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PETRA

Psychosocial Evaluation & Threat Risk Assessment

Jay Schneller, PhD

Purpose:
Assesses psychosocial symptomatology and risk of violence threat among adolescents
Format:
Paper and pencil
Age range:
11 years to 18 years
Time:
10-15 minutes
Qualification level:
S
S
A degree, certificate, or license to practice in a health care profession or occupation, including (but not limited to) the following: medicine, neurology, nursing, occupational therapy and other allied health care professions, physician's assistants, psychiatry, social work; plus appropriate training and experience in the ethical administration, scoring, and interpretation of clinical behavioral assessment instruments. Certain health care providers may be eligible to purchase selected "B" and "C" level instruments within their area of expertise. Specifically, relevant supervised clinical experience using tests (i.e., internship, residency, etc.) in combination with formal coursework ( i.e., Tests and Measurement, Individual Assessment, or equivalent) qualifies a health care provider to purchase certain restricted products. Any PAR Customer already qualified to purchase a "B" or "C" level product, is also qualified to purchase an "S" level product. If you are not already qualified to purchase a "B"or "C" level product from PAR, please download and complete the special Qualification Form for Medical and Allied Health Professionals. (You will need Adobe Acrobat to view.) Close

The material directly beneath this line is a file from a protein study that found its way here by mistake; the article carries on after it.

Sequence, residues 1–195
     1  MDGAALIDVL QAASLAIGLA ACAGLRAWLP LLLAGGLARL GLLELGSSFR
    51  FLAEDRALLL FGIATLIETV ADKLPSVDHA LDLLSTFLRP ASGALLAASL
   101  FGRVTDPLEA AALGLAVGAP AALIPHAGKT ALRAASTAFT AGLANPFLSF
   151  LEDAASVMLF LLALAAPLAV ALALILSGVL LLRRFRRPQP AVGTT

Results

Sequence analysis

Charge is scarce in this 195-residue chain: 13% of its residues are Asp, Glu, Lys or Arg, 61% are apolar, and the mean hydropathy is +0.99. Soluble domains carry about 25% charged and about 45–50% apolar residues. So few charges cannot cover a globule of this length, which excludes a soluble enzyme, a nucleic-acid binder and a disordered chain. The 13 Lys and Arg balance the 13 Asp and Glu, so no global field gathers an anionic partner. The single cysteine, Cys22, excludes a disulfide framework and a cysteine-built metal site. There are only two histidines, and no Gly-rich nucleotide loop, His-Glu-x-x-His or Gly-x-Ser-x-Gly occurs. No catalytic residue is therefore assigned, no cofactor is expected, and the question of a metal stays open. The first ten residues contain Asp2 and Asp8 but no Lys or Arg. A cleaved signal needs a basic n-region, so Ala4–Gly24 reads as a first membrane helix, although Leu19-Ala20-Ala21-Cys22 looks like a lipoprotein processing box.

Following a threat of violence, the PETRA enables you to analyze the context of psychosocial, ecological, and coping/resiliency factors to assist in the identification, assessment, intervention and treatment planning, and behavioral management of adolescents who pose a risk of targeted violence toward others.

Fully understand the content and context of the threat of violence

  • Designed for use with adolescents who exhibit threatening behavior, primarily in school. Critical items identify known threat risk factors.
  • The PETRA provides four domain scores (Psychosocial, Resiliency Problems, Ecological, Total), eight cluster scores (Depressed Mood, Alienation, Egocentricism, Aggression, Family/Home, School, Stress, Coping Problems), two response style indicators (Inconsistency, Social Desirability), and eight critical items.
  • Interpretation is straightforward and incorporates a thorough five-step systematic methodology for gathering, guiding, and interpreting multisource data. Results should be considered in light of background information, information from other informants, and information gathered from follow-up interviews.
  • To learn more about the PETRA, visit the PAR Training Portal to watch a video on school violence and threat assessment.

To download information, forms, templates, procedural suggestions, and links to help school psychologists facilitate the threat assessment process, visit www.schoolpsych.net.